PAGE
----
The real reason why Billie Eilish's music is so controversial

Everybody has something to say about moody teen sensation Billie Eilish. While The New Yorker declared her the "changing face of pop" and praised her edgy style and lyricism, The Telegraph felt she encouraged the rise of so-called "misery pop." So, who is Billie Eilish, and why has she become the poster child for Gen Z angst? Bursting onto the music scene in 2016, the then-13-year-old posted the song "Ocean Eyes" to her Soundcloud for her dance teacher. According to Vogue, her co-producer brother, Finneas O'Connell, called her one day to say, "Dude! Our song got 1,000 plays." From there, Eilish's rise to fame simply seemed to snowball.

While becoming an anti-pop queen, Eilish has stood out from her contemporaries with sinister music videos and bleak lyrics. However, her sudden celebrity meant she had newfound responsibility and was eventually met with criticism for various reasons. "When you're looked up to as a role model, you can't let that change the way that you live," the singer-songwriter told Entertainment Weekly in 2019, adding, "You have to be exactly what people love you for." At the end of the day, it's Eilish who's had the last laugh. It seems that the edgier she's gotten, the more her fan base has grown. Let's dig further and find out the real reason why Billie Eilish's music is so controversial.

She's been accused of queerbaiting

When Billie Eilish released "wish you were gay" in 2019, a number of her LGBTQ+ fans were ecstatic and wondered if the singer had just come out. Then listeners took the time to pay attention to the lyrics, which told a different story. With lines like, "To spare my pride/To give your lack of interest an explanation/Don't say I'm not your type/Just say that I'm not your preferred sexual orientation," it became all too clear that the blue-haired crooner wasn't coming out at all.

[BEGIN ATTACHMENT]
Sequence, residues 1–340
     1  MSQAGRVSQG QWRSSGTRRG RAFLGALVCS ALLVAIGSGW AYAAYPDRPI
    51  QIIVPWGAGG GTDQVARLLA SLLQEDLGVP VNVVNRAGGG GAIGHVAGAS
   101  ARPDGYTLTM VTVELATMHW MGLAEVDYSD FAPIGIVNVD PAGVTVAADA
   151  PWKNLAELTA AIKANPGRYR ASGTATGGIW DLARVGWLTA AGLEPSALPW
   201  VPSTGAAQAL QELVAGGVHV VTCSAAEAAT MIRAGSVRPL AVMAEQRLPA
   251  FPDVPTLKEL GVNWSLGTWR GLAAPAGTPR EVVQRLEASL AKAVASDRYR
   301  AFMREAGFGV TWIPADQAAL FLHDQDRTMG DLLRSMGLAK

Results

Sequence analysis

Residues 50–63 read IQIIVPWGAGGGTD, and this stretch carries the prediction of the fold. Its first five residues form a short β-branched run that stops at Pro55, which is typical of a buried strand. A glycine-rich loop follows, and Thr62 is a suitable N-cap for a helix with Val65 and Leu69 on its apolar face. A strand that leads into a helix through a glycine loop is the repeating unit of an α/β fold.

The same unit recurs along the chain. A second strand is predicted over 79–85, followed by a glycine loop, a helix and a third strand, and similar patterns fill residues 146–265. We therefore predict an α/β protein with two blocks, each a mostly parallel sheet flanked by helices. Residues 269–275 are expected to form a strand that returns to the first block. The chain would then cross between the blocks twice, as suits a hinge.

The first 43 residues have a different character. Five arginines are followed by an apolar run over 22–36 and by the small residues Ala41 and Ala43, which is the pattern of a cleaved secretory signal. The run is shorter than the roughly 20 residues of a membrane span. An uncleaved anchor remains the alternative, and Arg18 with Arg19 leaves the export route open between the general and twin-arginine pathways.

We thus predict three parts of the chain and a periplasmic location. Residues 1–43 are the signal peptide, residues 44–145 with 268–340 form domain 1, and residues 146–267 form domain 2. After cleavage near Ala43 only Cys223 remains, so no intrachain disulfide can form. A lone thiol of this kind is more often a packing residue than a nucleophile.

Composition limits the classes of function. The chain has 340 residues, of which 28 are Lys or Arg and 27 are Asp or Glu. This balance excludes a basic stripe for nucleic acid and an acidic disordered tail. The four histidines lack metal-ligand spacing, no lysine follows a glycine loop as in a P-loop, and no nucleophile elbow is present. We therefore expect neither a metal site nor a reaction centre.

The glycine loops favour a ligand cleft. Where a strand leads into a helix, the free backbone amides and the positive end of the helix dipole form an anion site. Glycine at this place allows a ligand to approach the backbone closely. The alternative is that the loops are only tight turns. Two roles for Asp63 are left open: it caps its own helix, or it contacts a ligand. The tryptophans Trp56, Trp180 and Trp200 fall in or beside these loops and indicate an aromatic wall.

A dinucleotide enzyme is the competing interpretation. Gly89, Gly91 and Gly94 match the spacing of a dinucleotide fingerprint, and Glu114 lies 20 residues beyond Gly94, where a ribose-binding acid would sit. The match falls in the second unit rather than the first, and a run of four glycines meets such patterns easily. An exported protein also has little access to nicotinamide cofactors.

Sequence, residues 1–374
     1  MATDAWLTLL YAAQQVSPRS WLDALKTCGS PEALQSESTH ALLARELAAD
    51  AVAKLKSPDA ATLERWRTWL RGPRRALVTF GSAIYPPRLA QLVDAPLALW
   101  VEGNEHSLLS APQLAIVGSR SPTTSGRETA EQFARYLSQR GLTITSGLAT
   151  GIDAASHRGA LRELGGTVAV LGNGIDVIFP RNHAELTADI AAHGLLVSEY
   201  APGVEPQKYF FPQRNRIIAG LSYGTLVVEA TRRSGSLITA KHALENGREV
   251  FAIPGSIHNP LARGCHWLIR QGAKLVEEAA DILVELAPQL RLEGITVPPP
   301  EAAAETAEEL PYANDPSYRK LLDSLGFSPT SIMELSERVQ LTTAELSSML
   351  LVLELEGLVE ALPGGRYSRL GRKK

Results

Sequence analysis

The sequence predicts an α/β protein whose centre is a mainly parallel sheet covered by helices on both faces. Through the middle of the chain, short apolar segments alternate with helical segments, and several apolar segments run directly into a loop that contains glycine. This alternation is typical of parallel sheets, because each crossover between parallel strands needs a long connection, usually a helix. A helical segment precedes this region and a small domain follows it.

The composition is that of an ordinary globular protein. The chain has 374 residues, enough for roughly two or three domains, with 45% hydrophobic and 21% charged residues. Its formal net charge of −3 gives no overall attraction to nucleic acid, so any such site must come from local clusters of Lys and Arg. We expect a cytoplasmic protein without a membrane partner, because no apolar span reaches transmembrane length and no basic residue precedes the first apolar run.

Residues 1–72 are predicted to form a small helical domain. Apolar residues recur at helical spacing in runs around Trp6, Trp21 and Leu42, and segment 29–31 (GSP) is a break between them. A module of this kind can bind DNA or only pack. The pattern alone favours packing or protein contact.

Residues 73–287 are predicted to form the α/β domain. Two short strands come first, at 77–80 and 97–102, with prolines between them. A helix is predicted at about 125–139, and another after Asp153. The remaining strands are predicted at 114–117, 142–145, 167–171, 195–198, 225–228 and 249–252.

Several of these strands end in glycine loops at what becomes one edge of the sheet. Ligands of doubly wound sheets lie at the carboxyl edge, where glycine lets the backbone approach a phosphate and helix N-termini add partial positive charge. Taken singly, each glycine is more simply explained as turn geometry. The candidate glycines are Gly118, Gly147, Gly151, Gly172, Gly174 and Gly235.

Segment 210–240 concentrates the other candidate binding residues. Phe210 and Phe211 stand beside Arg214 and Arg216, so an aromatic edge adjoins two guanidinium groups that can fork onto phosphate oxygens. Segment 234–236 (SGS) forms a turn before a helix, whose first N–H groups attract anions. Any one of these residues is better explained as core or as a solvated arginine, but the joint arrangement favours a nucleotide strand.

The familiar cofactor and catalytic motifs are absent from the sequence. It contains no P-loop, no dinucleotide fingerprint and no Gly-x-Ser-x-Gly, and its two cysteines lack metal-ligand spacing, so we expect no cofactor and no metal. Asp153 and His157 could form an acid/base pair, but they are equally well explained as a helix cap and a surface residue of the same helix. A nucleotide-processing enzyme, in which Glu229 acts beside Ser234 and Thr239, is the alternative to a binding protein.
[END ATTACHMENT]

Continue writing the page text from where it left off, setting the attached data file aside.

Naturally, the internet and the press had something to say about the track. "Using homosexuality to be provocative is cringey at best, antagonistic queer-bait at its worst," Pride noted, adding, "It feels a slap in the face to a marginalized community starving from the sparse array of queer pop music." Uh-oh. 

Aware of the backlash, Eilish told PopBuzz, "First off I want to be so clear that it's so not supposed to be an insult. I feel like it's been a little bit misinterpreted. I tried so hard to not make it in any way offensive." She explained, "The whole idea of the song is, it's kind of a joke. It's kind of like 'I'm an a** and you don't love me.' And you don't love me because you don't love me and that's the only reason and I wish you didn't love me because you didn't love girls."